- 6/12/18 and 24dB filter selectable (Linkwitz-Riley filter only with 24dB)
- 3 decades and 10 crossover frequencies per decade selectable
- differential input and output signals
- low frequency mono signal with phase shift and changeable frequency response
- both channels incl. the power supplies on one PCB
The following circuit diagram is the result of the above requirements:
- Overview of the complete Filter
- Schematic of the differential Input
- Schematic of the High Pass Filter
- Schematic of the Low Pass Filter
- Schematic of the differential Output
- Schematic of the Mono Low Pass Signal
- Schematic of the Power Supply
- Schematic of the 230V/AC DC-Filter
With the selected resistance and capacitance values, the following crossover frequencies of the filters are obtained:
Assembly of the Crossover Network
I have installed the crossover in a Slim Line cabinet with a 10mm thick front panel from HI-FI 2000. The rotary knobs are also from the same manufacturer. I made the mounting plate for the electronics myself. All the machining of the cabinet was done by me on a Datron M35.
The controls of the crossover can be seen. On the right you can see the level control of the high and low pass channel. On the left are the settings for the mono subwoofer channel – the level control, the bass boost/cut control, the 180° phase rotation switch and the continuous phase shift control.
The picture above shows the installation of the electronics. You can see the large audio board with the filters and the power supply. To the right of it you can see a small circuit board on which the remote switch-on is located.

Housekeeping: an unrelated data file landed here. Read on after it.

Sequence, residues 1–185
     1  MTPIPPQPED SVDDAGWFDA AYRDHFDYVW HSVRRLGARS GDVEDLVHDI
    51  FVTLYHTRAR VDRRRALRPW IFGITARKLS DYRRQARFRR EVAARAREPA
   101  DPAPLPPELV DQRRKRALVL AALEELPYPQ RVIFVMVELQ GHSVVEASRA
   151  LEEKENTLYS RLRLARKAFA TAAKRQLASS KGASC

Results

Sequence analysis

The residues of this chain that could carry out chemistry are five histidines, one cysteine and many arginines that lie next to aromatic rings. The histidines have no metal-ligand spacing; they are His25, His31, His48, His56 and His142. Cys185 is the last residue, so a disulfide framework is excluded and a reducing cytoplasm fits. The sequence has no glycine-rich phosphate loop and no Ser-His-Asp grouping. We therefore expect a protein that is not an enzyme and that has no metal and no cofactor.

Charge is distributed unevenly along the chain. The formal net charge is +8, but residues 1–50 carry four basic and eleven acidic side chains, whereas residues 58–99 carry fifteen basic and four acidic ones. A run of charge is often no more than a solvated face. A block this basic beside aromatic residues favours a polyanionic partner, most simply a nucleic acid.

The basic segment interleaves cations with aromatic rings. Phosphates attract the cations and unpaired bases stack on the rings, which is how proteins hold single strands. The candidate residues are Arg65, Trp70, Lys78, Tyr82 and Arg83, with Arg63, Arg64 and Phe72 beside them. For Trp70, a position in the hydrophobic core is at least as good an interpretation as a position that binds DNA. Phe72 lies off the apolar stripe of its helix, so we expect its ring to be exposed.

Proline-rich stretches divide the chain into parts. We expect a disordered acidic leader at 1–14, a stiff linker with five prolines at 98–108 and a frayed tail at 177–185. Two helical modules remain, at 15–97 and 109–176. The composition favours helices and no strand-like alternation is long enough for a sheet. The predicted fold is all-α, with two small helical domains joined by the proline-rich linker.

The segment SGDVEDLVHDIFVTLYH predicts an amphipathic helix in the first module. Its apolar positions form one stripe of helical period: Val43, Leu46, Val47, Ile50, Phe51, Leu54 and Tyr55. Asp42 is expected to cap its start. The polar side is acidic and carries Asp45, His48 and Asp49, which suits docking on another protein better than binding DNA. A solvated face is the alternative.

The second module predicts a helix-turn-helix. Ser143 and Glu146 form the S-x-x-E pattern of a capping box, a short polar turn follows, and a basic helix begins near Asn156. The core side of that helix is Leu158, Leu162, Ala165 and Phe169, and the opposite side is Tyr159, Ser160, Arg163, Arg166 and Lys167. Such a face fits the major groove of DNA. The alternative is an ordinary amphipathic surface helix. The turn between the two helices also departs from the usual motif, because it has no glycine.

Here you can see the connections on the rear of the crossover. On the left the two symmetrical inputs, on the right the outputs for the high- and low-pass channels and the mono signal for the subwoofer. Via remote, the signals for switching on the system are fed in and out via a control voltage. On the right side you see the mains socket, the mains switch and the fuse. The earth socket connects the earth of the audio circuit to an earth bar.
Replicas of the AFW1
Every now and then I build a crossover for an audiophile “fellow sufferer”. I don’t want to hide the pictures.
The AFW1 by Volker W.
I put this crossover in an enclosure with aluminium bottom and top plates, so the mounting plate could be omitted. The cabinet is also shorter. On request, the electronics for remote switching are missing. For the input and output sockets I put other connectors on the PCB. In addition, other rotary knobs have been added to the front panel.
The AFW1 by Guido F.
The special thing about this AFW1 is the front panel. As with the XOno 2019 for Guido, the front panel has been milled by Clearaudio’s main supplier. The knobs are also individually manufactured. In addition, the fonts have not been blackened at Guido’s request.
To the right of the filter board is the remote on/off control. The unit is switched on and off by a DC control signal from the preamplifier.